The Rt Hon David Gauke MP
Secretary of State for Work and Pensions
House of Commons United Kingdom
Rt Hon David Gauke,
In September 2017 I moved to the UK to expand my business Piko Consulting, a communications and research company into the UK market. One of the first things I did was to get myself a National Insurance Number.
In late October when still trying to set up a bank account in the UK, the bank asked me for proof of address. It was suggested to me by the bank that I called the Department for Work and Pensions and get them to send a letter with my National Insurance number on it to my home address.
On 24 October 2017 I called the Department of Work and Pensions help line. Firstly I was told that this was not the correct number and that for National Insurance queries I should call a different number. I then called this number. I was given a series of options; eventually I was put through to a pre-recorded message and then hung up on. My issue still wasn’t resolved so I called back. Once again, I after selecting a series of options I was hung up on. The third time I was slightly more cunning. I called back the helpline, and manipulated the answers in a way that I thought may get me put through to an actual human being. I had been at it for 20 minutes by this stage. I was successful. I spoke to someone, explained that I needed my National Insurance number posted on letterhead to my home address. The person on the phone agreed and said it would be on its way.
A few days later I got an email from my accountant. A letter had been sent to my accountants address with my National Insurance number on it, not to my home address as requested.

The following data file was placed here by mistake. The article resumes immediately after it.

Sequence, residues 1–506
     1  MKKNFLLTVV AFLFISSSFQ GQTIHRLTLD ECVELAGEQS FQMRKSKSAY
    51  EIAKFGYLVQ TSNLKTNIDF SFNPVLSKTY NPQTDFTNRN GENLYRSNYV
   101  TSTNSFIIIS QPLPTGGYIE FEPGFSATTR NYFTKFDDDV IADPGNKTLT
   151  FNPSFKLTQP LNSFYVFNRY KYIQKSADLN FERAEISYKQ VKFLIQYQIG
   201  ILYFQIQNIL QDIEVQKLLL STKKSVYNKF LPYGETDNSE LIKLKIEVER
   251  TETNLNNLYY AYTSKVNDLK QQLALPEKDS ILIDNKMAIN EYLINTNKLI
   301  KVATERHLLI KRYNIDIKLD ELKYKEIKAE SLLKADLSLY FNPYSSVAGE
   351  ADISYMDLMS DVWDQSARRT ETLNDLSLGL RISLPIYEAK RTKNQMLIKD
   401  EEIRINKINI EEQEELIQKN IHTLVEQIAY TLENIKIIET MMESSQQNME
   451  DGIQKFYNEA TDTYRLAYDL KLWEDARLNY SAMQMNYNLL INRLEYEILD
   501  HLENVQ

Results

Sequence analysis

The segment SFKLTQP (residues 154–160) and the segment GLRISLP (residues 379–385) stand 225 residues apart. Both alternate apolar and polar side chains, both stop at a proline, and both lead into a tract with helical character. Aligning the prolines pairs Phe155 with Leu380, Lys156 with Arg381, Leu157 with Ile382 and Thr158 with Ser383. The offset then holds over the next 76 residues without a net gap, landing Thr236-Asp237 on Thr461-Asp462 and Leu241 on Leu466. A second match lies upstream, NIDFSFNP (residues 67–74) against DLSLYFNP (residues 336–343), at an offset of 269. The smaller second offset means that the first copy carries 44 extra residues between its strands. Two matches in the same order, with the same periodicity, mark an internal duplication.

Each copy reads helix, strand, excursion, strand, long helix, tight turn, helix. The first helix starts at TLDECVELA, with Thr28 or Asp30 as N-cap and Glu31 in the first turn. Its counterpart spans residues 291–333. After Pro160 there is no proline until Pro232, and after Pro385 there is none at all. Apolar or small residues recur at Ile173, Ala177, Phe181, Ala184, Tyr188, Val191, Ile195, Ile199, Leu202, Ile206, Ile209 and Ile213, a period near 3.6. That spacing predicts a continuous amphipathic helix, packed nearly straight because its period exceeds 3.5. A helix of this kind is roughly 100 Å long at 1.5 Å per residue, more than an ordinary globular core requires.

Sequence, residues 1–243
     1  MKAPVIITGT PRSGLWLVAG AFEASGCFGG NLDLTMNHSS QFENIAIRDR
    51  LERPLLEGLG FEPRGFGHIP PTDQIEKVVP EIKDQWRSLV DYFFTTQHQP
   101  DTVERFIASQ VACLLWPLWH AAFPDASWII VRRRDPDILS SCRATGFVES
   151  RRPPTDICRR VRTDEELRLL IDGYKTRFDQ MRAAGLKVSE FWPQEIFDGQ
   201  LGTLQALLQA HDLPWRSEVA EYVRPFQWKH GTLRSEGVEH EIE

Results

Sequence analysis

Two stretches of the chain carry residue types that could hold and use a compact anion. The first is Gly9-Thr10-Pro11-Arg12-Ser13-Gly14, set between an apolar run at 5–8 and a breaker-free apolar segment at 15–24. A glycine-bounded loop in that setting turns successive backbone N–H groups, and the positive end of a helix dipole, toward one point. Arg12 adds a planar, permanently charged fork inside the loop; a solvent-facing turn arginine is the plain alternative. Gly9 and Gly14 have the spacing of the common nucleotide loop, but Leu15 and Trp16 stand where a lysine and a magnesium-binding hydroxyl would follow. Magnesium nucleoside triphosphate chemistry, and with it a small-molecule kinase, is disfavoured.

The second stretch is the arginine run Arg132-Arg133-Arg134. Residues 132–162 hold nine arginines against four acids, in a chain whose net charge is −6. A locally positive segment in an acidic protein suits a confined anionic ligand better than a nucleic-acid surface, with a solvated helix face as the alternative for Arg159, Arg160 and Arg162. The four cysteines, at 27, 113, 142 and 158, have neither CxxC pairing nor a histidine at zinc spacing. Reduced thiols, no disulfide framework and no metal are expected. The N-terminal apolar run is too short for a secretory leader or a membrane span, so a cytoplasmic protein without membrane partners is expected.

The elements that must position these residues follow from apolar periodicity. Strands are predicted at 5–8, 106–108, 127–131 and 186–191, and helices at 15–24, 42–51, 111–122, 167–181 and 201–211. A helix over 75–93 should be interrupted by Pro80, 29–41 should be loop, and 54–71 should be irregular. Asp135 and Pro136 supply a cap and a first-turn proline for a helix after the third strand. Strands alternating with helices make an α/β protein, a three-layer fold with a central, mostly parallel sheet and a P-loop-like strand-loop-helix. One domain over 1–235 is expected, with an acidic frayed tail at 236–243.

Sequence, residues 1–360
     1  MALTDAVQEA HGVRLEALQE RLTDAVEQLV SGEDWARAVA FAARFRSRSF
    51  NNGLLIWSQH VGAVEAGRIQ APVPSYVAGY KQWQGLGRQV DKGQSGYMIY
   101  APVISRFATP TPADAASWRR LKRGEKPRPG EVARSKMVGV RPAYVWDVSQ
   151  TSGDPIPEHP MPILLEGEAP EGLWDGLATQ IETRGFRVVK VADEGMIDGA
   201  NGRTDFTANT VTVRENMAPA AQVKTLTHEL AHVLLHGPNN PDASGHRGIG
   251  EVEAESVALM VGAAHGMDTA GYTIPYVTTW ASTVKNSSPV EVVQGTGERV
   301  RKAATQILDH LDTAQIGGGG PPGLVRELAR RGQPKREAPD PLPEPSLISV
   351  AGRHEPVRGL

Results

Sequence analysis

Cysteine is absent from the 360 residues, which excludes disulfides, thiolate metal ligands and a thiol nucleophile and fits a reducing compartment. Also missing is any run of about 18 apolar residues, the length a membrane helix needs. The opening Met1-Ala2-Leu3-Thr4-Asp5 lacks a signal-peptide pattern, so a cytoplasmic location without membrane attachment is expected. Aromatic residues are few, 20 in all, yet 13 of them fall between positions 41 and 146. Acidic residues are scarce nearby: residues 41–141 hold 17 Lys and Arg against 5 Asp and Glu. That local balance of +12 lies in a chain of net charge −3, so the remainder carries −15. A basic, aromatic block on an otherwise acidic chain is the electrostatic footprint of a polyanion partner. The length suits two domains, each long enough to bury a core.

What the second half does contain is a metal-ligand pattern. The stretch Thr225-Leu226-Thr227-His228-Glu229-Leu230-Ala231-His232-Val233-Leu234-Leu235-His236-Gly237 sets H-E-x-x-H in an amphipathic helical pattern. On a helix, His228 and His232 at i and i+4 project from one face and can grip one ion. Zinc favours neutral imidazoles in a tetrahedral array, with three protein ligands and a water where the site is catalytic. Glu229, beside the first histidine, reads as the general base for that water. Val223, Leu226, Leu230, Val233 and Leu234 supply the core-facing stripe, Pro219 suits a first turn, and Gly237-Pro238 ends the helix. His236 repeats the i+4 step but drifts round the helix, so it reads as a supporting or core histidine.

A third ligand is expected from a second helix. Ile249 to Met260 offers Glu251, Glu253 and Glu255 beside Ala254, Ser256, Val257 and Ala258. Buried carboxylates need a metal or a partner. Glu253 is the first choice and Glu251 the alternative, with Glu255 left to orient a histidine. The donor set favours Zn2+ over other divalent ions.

Having wasted over an hour of my life on a fruitless quest to get what I wanted out of the Department of Work and Pensions I elected not to put myself through this again.
A few months earlier I had seen the Ken Loach film I, Daniel Blake. At the start of the film there is this guy who recently suffered a heart attack trying to get information about his benefit out of the Department of Work and Pensions. He becomes highly frustrated with the long waiting times, and the circular conversations where he can get no answers to his questions. When I first saw this film I thought this scene was exaggerated for artistic effect. I now realise that this is an accurate display of a typical call to the Department of Work and Pensions.
My case ended up ok. I found another letter which the bank accepted as proof of address. What I was appalled by was that a government department could show such contempt for the UK tax payer by hanging up on them when they were seeking advice or help. That a pensioner who has paid tax all their lives, possibly a veteran even, could be treated with such contempt was very saddening. I understand the desire for government departments to save money and rationalise resources. And I accept that call centres will often get any number of nuisance callers or people who have questions they could easily find out online. But for some people using the internet is a struggle. And sometimes, people have complicated requests, and need to talk to someone rather than listen to a robot. It shouldn’t be a struggle for tax payers to get the help they require.
The UK is a great country, and I really love that I have the opportunity to live work and contribute here. But I do think its citizens deserve their government and in particular its government departments’ to treat its citizens with greater respect than the Department of Work and Pensions help line currently does.